For 150 years, Hong Kong was a British colony. Especially during the Cold War, it felt like that would be the case forever. But Hong Kong was first occupied during the gunboat imperialism of the 19th century Opium Wars, so even fervently anti-Communist and Westernized Chinese always felt great ambivalence towards the British: gratitude and admiration terribly tempered by sufferance of arrogance and injustice.

As it turned out, Britain’s last great colony was also its most successful. The racist exploitation of previous generations gradually transformed into Hong Kong becoming a sanctuary for refugees and an entrepot for free trade and manufacturing. It was as if the decline and fall of the once mighty British Empire somehow mellowed the colonizers and colonized both.

The British had never run Hong Kong as a democracy; they simply appointed governors. But at the eleventh hour before the handover to China in 1997, perhaps out of guilt or repentance, they negotiated a deal for the protection of civil liberties, open markets, and gradual democratization in Hong Kong for 50 years. China’s leader at the time, Deng Xiaoping, not wanting to kill a gold-egg-laying goose, agreed.

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Source: Reuters

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Breaking news headlines from world's most important newspapers

10-02-2014 |

Obama Said to Bring Up Settlements in Netanyahu Meeting

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Secret Service Chief Resigns in Scandal Over Security Lapses

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10-02-2014 |

PM offers tax giveaway and issues Ukip warning

Rewriting the moon's fiery history Rift valley discovery triggers new theories

Threat to occupy Hong Kong offices

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10-02-2014 |

Los fallos de seguridad obligan a dimitir a la jefa del Servicio Secreto

Netanyahu pide firmeza a EE UU ante Irán en la negociación nuclear

Los estudiantes dan un ultimátum al jefe del Gobierno de Hong Kong

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10-02-2014 |

Tras el discurso de Cristina, renunció Fábrega al Central y asumirá Vanoli

Crearon un spray para no bañarse y es todo un éxito

En sólo 40 años desapareció la mitad de la fauna salvaje

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Top 100 World Newspapers (*)

No. Newspaper / Country No. Newspaper / Country No. Newspaper / Country No. Newspaper / Country
1 The New York Times / United States 2 The Guardian / United Kingdom 3 The Daily Mail / United Kingdom 4 The Wall Street Journal / United States
5 The Washington Post / United States 6 The People's Daily / China 7 The Daily Telegraph / United Kingdom 8 USA Today / United States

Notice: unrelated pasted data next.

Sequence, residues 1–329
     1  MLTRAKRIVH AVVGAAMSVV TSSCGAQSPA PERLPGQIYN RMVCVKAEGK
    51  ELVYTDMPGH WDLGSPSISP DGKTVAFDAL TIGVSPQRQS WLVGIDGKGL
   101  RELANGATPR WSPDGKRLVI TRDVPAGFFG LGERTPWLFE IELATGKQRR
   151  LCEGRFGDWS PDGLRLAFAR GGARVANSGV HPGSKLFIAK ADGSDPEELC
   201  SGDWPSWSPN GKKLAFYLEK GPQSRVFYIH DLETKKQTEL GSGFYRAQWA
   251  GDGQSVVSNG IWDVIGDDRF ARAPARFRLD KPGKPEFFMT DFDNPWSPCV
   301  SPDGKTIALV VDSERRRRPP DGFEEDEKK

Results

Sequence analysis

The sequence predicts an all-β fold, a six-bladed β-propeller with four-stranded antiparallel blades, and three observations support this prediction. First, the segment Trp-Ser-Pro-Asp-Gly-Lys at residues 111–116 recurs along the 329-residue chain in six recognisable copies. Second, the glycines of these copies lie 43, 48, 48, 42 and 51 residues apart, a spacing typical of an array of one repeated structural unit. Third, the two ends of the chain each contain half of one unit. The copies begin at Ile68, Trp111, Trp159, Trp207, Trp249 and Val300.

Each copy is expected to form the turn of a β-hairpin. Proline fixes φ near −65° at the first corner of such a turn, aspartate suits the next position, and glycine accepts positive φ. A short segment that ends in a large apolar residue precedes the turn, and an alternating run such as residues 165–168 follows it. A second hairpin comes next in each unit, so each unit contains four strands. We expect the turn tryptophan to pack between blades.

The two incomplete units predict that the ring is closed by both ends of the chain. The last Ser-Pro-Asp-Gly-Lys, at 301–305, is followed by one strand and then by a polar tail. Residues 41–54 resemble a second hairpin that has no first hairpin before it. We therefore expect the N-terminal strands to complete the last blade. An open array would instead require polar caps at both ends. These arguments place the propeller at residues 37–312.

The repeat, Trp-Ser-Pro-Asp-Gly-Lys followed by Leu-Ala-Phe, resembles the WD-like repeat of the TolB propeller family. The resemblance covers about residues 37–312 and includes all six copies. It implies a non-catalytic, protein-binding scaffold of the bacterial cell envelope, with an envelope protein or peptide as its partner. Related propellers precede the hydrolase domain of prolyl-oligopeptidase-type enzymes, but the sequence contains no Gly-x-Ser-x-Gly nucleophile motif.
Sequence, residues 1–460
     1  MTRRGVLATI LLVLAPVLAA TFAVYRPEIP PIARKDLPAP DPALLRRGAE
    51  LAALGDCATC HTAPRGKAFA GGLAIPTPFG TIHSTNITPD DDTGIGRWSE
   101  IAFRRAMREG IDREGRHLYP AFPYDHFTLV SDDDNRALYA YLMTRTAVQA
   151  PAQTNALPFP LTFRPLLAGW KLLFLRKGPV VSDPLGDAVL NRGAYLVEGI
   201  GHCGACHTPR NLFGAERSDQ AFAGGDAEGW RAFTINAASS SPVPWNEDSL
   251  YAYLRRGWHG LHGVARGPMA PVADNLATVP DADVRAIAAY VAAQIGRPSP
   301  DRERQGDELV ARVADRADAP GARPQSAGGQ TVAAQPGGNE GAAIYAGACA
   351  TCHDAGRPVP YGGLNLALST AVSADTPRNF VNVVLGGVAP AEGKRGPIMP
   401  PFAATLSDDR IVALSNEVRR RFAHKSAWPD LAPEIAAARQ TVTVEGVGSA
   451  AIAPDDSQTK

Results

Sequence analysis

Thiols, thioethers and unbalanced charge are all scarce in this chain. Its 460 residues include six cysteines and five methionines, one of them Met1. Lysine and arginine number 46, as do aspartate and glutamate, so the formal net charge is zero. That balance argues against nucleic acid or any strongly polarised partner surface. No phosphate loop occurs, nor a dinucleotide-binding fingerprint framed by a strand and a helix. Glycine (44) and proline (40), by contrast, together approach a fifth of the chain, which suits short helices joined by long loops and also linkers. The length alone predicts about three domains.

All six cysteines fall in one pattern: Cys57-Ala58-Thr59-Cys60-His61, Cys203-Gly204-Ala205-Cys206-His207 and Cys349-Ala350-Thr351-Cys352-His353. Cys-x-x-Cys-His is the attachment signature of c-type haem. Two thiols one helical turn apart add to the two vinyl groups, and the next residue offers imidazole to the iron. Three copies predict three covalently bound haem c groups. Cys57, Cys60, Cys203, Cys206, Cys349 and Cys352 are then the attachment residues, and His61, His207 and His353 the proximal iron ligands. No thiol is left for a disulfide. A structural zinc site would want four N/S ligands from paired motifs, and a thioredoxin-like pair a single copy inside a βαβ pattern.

9 Los Angeles Times / United States 10 El Mundo / Spain 11 La Repubblica / Italy 12 The Times of India / India
13 Bild / Germany 14 Corriere della Sera / Italy 15 The Examiner / United States 16 The Independent / United Kingdom
17 El País / Spain 18 The Financial Times / United Kingdom 19 The Sydney Morning Herald / Australia 20 Daily News / United States
21 Chicago Tribune / United States 22 Le Monde / France 23 Marca / Spain 24 Hürriyet / Turkey
25 Die Welt / Germany 26 Asahi Shimbun / Japan 27 The Sun / United Kingdom 28 New York Post / United States
29 The Age / Australia 30 Gazeta Wyborcza / Poland 31 The Philadelphia Inquirer / United States 32 The Washington Times / United States
33 Die Zeit / Germany 34 Yomiuri Shimbun / Japan 35 The New Zealand Herald / New Zealand 36 The Onion / United States
37 Milliyet Gazetesi / Turkey 38 Il Sole 24 Ore / Italy 39 The Chicago Sun-Times / United States 40 Al-Ahram / Egypt
41 Le Figaro / France 42 Süddeutsche Zeitung / Germany 43 The Hindu / India 44 Houston Chronicle / United States
45 The Seattle Times / United States 46 Libération / France 47 The Globe and Mail / Canada 48 De Standaard / Belgium
49 The Irish Times / Ireland 50 The Toronto Star / Canada 51 Le Nouvel Observateur / France 52 Mercury News / United States
53 The Australian / Australia 54 The Denver Post / United States 55 The Christian Science Monitor / United States 56 The Dong-a Ilbo / Korea
57 The Atlanta Journal-Constitution / United States 58 Aftonbladet / Sweden 59 Kommersant / Russia 60 Bangkok Post / Thailand
61 Star Tribune / United States 62 The Hollywood Reporter / United States 63 Daily Mirror / United Kingdom 64 Dawn / Pakistan
65 El Universal / Mexico 66 The Miami Herald / United States 67 Mladá fronta Dnes / Czech Republic 68 DNA - Daily News & Analysis / India
69 Pittsburgh Post-Gazette / United States 70 Sports Nippon / Japan 71 L'Equipe / France 72 Die Presse / Austria
73 Detroit Free Press / United States 74 Neue Zürcher Zeitung / Switzerland 75 Clarín / Argentina 76 Chosun Ilbo / Japan
77 The Sacramento Bee / United States 78 China Daily / China 79 Nihon Keizai Shimbun / Japan 80 AS / Spain
81 The Baltimore Sun / United States 82 Frankfurter Allgemeine Zeitung / Germany 83 La Gazzetta dello Sport / Italy 84 Mainichi Shimbun / Japan
85 Boston Herald / United States 86 The Dallas Morning News / United States 87 The Times / United Kingdom 88 Newsday / United States
89 Orlando Sentinel / United States 90 St. Louis Post-Dispatch / United States 91 Taipei Times / Taiwan 92 The Hindustan Times / India
93 The Economic Times / India 94 Kompas / Indonesia 95 The Observer / United Kingdom 96 Jornal de Notícias / Portugal
97 South Florida Sun-Sentinel / United States 98 ABC / Spain 99 Le Soir / Belgium 100 The Kansas City Star / United States

(*) Selected by 4International Media & Newspapers